c++ strcmp a string array, how?

July 17, 2010 at 17:48:08
Specs: Windows XP Pro
not sure how to go about this, but that's why i'm asking.

not sure how to go about comparing and returning entries found in an array of char strings. Bascially i need to know the syntax of the areas <with annotations like this> in order to complete the following:

[code]
string appname;

char* cmdarray[5] = { "open", "bring up", "give me", "gimme", "launch" };
char& appnaamearray[2] = { "calc, notepad,"};

if (strcmp(vocal_input, <any match found in cmdarray>)==0 && strcmp(vocal_input, <any match found in appnamearray>)==0){
appname = <value of the match found in appnamearray>
open_app(appname);
}else if (<a match is found in cmdarray> && <no match is found in appnamearray>){
vocal_reply("Sorry, I don't recognize the name of the program that you want me to open.");
}
[/code]


See More: c++ strcmp a string array, how?

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#1
July 18, 2010 at 04:14:21
You'll probably want to look at strstr(). But if you're really using C++, you should probably be using std::string instead of cstrings. In which case, you'd use std::string::find.

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#2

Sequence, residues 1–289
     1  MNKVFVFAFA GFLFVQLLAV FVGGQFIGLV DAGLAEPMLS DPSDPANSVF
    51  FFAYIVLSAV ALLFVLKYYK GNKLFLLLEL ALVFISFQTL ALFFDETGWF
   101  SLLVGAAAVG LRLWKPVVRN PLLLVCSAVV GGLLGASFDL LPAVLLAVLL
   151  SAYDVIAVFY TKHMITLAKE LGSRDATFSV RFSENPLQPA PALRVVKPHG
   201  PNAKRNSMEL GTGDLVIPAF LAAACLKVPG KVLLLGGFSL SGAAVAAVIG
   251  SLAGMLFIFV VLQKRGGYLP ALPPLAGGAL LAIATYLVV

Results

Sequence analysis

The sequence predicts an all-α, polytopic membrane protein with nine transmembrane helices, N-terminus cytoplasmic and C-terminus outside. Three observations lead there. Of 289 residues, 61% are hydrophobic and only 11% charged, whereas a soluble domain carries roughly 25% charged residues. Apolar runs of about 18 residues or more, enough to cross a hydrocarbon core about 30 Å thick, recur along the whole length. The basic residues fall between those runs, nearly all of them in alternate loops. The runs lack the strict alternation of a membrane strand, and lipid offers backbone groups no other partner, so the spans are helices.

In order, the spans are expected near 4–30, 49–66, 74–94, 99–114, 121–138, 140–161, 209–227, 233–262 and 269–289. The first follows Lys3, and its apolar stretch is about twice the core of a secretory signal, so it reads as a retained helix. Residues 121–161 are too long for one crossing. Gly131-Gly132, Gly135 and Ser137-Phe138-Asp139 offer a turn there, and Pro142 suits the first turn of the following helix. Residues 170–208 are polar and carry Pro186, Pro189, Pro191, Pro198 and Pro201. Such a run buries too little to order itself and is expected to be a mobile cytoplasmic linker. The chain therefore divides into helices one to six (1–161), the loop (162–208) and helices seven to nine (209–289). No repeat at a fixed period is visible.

July 18, 2010 at 04:41:57
currently using:

void ident_app_to_open(std::string user_input){
size_t found;
string appname;

//see if we want to open notepad
found=user_input.find("notepad");
if (found!=string::npos){
appname = "notepad";
open_app(appname);
}

found=user_input.find("note pad");
if (found!=string::npos){
appname = "notepad";
open_app(appname);
}


//see if we want to open the calculator
found=user_input.find("calculator");
if (found!=string::npos){
appname = "calc";
open_app(appname);
}

}

which works just fine. I was looking for a way to search for matches in an array such as:

const char* appnamearray[3] = " calc, notepad, note pad;"; instead of having to do a number of different statements like the the afore-mentioned.

As far as using std::string compared to string, to my knowledge (almost) all c commands work just fine in c++ and the compiler doesn't seem to throw any issues nor does it cause problems with application functionality.

I've seen people complain about the presense of c commands in a c++ app but i have yet to see anyone explain why it would potentially be an issue.

std::string
is pretty much the same as
string. std::string is just five more characters that seem to needlessly obfuscate matters.

I certianly wouldn't mind being corrected on the matter either. Though, i'm more importantly still looking for a way to use an array to list the commands and return matches to those commands located in another string to a variable.
it doesn't look like strstr does that. o.o;


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#3
July 19, 2010 at 12:40:15
Though, i'm more importantly still looking for a way to use an array to list the commands and return matches to those commands located in another string to a variable.

In c? Bit rusty at c but this may help a bit: